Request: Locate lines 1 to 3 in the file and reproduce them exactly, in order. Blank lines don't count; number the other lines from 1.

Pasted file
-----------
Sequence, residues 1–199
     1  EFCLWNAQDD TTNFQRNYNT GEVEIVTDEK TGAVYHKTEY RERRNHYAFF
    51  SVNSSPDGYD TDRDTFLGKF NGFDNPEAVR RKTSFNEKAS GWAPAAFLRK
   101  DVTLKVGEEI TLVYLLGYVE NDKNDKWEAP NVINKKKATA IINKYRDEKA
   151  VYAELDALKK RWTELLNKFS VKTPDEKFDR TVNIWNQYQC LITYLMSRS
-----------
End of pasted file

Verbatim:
Sequence, residues 1–199
     1  EFCLWNAQDD TTNFQRNYNT GEVEIVTDEK TGAVYHKTEY RERRNHYAFF
    51  SVNSSPDGYD TDRDTFLGKF NGFDNPEAVR RKTSFNEKAS GWAPAAFLRK